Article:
Post COVID: Retraining The Mind and Body
I never intended to offer multiple blog posts on dealing with COVID-19. Of course I never intended to contract COVID in the first place. But here I am offering you a fourth post on dealing with the virus. It is, of course, my perspective but from reader responses, I know sharing my experiences has helped a few people.
If you read my earlier posts, you know that I tested positive for COVID on March 20. I quarantined for ten days and continued to wear a mask afterward. I wore the mask for the comfort of others. I was feeing stronger every day. I was feeling so good I decided to go to the beach as planned. (I called it Saltwater Therapy.)
On Day 18 after testing positive, I hit a wall. I was lethargic. I felt overwhelmed. I tossed and turned at night. And I coughed.
Let’s start there: With the cough. The COVID cough for me has not been what I would call a productive cough. Usually, I cough because of congestion or a tickle in my throat. Now I cough for seemingly no reason. It just happens. If I cough too much my throat hurts.
I wasn’t home. I was in South Carolina. I started spontaneously coughing. I knew I had to do something.
A sip of water? Nope.
A cough drop? Didn’t help.
Hot drink? Cold drink? Nothing tamed the cough.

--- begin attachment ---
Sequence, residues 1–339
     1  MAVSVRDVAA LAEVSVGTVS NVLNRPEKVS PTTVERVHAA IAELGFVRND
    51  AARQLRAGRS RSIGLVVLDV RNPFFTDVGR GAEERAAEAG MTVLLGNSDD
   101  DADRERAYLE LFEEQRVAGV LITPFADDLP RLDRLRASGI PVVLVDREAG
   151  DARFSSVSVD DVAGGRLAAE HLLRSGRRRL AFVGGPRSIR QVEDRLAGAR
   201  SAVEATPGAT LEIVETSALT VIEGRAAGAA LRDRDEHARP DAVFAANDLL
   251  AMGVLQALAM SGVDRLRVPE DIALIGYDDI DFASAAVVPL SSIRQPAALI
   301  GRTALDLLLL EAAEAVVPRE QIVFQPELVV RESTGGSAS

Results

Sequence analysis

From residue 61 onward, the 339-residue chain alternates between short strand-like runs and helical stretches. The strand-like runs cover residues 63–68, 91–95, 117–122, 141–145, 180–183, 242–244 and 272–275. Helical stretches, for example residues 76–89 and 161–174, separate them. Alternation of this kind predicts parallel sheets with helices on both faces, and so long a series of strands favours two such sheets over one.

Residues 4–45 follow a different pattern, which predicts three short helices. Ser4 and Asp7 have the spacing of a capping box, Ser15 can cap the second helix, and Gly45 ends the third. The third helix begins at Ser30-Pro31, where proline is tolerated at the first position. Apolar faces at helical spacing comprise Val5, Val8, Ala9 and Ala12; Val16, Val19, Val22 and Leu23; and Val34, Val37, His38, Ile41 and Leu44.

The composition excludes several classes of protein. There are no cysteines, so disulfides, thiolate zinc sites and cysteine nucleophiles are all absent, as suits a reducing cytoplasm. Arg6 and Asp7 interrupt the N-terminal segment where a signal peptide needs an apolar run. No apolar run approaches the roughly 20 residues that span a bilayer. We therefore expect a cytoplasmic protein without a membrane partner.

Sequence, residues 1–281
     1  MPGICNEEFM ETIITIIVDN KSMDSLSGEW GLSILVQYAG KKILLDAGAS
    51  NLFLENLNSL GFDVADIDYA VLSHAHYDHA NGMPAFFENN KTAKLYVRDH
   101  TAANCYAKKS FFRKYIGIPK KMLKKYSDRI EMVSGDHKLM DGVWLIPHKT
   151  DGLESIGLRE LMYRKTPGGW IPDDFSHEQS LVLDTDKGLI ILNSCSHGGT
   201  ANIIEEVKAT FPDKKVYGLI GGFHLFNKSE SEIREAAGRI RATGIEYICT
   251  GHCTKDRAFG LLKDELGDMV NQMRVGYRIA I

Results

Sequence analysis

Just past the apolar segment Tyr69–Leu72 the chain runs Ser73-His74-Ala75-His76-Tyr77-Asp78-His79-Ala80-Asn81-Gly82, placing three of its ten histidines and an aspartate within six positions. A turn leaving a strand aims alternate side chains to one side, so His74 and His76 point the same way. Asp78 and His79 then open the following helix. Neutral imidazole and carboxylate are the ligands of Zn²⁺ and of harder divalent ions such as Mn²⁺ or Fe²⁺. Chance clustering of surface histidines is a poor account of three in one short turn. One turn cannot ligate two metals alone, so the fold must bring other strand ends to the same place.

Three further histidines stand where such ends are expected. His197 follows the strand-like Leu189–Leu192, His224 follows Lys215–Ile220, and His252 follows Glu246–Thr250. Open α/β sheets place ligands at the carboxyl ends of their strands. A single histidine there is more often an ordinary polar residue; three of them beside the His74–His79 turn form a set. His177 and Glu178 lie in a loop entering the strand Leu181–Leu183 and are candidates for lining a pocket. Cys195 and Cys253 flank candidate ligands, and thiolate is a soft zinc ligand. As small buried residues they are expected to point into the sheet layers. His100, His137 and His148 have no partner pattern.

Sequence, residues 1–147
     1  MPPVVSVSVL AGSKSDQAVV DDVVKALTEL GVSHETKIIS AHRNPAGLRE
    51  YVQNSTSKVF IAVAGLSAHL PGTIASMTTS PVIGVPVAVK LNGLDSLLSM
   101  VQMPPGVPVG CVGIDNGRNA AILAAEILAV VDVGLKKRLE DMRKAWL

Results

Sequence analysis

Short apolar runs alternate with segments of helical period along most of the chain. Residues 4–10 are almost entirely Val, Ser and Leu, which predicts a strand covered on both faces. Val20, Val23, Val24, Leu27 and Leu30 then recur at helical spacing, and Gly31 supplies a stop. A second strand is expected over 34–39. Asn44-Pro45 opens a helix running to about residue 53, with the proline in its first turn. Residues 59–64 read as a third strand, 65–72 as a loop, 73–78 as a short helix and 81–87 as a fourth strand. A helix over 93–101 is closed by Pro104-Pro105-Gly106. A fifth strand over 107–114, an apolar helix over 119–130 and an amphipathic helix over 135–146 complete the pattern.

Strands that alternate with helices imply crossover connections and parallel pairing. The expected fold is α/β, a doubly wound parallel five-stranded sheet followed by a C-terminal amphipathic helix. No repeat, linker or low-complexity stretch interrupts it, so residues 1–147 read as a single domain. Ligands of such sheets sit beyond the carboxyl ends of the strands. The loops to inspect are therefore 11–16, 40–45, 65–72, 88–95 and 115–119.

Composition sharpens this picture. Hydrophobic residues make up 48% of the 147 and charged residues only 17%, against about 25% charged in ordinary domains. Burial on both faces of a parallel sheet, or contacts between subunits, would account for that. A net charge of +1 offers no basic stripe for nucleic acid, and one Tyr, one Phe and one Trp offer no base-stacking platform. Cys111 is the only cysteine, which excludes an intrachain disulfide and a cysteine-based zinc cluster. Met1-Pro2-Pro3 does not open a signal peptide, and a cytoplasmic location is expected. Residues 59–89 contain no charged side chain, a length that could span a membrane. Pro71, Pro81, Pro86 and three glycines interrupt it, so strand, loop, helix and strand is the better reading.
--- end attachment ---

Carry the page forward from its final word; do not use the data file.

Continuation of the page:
I threw my hands out as if to stop traffic. “Stop coughing,” I said out loud. “You don’t need to cough. It is not a productive cough. Don’t do it.”
And it worked. A little mind over matter? Perhaps. Will it work for everyone? I have no clue. For me it continues to help. I only share my experience in hopes of helping at least one other person.
Learning that I could control my cough gave me hope that perhaps I could regain control over other areas in my Life-After-COVID existence.
I was at the beach. I was finally feeling better. So what made me so restless and lethargic?
I eliminated the chips and snack foods. I limited my root beer (read: sugar) intake. And for those of you who know me, limiting my root beer is a tough one.
Next I put myself on a rigid eating schedule. I ate breakfast at 9:00 am, lunch at noon, and dinner at 5:00. I did not snack after dinner. If I thought I was hungry, I drank a glass of water. I know from past experiences that often when I think I’m hungry, I’m actually thirsty.
I went to bed at a decent hour and although I am not an advocate of watching television in bed, I turned on the television, found something to watch and went to sleep. The dialogue coming from the TV engaged my brain enough I didn’t think about…well, anything else. It worked. I became drowsy and most of the time, fell asleep even as I clicked the off button on the remote.
Most will argue these are healthy habits all the time. They would be right. The thing is, COVID disrupted my thinking.Healthy habits flew out the window when COVID flew in. Managing my emotional, mental, and physical health to overcome the side effects of COVID requires…at least for me…conscious and daily effort.
I’m sure there are many other strategies people have employed to cope with the virus. If you’ve had experiences dealing with the side effects of COVID, I would love to have you share them here. We are all in this together.